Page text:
Sustainable Tompkins is a citizen-based organization working towards the long-term well-being of our communities by integrating social equity, economic vitality, ecological stewardship, and shared responsibility.

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Applications for Neighborhood Mini-Grants Due on December 1

Wood's Earth-Salad harvest 2012Another round of Neighborhood Mini-Grants will be made in early December by Sustainable Tompkins. Mini-grants have provided critical seed money to launch several ongoing and successful bike clinics, community gardens, youth leadership groups, and more. It’s people power making a difference locally!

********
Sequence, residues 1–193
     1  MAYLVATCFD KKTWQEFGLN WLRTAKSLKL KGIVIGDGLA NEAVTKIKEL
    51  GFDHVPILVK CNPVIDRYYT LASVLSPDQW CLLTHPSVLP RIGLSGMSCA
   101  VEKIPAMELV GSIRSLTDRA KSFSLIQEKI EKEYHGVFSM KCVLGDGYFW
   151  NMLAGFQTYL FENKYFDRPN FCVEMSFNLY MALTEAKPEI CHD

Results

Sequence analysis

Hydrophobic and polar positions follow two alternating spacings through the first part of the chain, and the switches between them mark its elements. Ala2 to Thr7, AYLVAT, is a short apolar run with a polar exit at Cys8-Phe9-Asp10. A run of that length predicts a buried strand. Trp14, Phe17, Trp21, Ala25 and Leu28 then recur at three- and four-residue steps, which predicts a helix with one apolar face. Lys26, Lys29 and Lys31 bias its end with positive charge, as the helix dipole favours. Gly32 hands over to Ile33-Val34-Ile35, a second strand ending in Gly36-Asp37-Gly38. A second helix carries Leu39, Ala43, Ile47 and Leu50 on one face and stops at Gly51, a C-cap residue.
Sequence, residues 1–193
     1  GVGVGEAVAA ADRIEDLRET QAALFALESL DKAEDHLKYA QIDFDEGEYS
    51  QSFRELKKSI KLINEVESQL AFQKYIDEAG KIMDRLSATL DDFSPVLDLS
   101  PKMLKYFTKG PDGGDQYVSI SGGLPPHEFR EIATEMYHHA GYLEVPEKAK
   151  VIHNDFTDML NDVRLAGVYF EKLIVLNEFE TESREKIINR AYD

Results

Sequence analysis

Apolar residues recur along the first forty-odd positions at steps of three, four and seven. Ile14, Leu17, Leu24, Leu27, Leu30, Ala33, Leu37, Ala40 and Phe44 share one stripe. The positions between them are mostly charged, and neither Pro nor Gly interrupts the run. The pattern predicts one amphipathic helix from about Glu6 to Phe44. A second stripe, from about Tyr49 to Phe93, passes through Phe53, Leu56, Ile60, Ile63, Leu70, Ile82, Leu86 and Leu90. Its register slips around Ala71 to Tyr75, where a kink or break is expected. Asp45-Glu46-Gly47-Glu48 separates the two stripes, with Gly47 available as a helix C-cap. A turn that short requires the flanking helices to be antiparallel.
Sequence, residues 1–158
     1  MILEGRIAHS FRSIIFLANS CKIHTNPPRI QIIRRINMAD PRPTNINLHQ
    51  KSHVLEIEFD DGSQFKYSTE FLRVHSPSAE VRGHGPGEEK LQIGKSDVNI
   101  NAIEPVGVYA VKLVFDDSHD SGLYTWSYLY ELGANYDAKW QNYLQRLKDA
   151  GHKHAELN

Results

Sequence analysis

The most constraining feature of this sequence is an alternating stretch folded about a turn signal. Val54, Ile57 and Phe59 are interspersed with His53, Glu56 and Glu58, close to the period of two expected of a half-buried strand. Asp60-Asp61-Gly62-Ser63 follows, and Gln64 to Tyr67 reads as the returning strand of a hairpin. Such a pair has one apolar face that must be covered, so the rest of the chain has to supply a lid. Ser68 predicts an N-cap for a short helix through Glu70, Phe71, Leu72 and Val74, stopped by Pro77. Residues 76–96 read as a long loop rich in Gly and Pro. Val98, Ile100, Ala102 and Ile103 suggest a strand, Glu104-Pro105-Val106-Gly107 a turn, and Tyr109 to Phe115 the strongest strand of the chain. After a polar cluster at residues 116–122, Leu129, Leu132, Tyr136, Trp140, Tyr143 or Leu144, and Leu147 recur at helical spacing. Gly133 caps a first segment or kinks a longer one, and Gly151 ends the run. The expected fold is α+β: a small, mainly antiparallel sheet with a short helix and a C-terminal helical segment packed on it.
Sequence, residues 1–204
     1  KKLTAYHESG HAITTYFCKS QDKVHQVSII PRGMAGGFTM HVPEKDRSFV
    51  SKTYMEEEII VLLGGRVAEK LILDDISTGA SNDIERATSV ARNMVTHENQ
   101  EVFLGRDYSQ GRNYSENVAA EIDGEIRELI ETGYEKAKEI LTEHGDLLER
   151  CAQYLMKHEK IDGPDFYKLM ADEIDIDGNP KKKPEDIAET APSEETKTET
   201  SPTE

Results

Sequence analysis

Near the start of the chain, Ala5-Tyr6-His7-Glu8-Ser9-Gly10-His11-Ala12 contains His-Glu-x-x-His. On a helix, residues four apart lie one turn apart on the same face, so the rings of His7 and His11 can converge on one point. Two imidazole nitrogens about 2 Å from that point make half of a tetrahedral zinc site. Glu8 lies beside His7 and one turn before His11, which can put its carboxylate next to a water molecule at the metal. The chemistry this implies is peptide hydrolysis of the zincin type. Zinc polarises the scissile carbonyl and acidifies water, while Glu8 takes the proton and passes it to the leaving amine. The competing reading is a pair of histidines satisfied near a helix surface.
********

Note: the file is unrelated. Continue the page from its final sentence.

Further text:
Since 2008, the Neighborhood Mini-grants program has awarded nearly $60,000 to support 147 innovative, grassroots projects throughout Tompkins County. Our goal is to support and stimulate resident-based, “bottom-up” initiatives that improve the quality of life of residents by building capacity, resilience, and leadership through collaborative projects.

Applications for the next rounds of grants are due on December 1, 2015. All residents, citizen groups and non-profit organizations of Tompkins County are eligible to apply. Proposals must demonstrate a community benefit. Awards range from $150 to $750 for non-staff project expenses. To obtain an application form, make a donation in support of the program, or get more information, contact Sasha Paris or call (607) 272-1720. Read more…

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‘Seal the Cracks’ Campaign Success!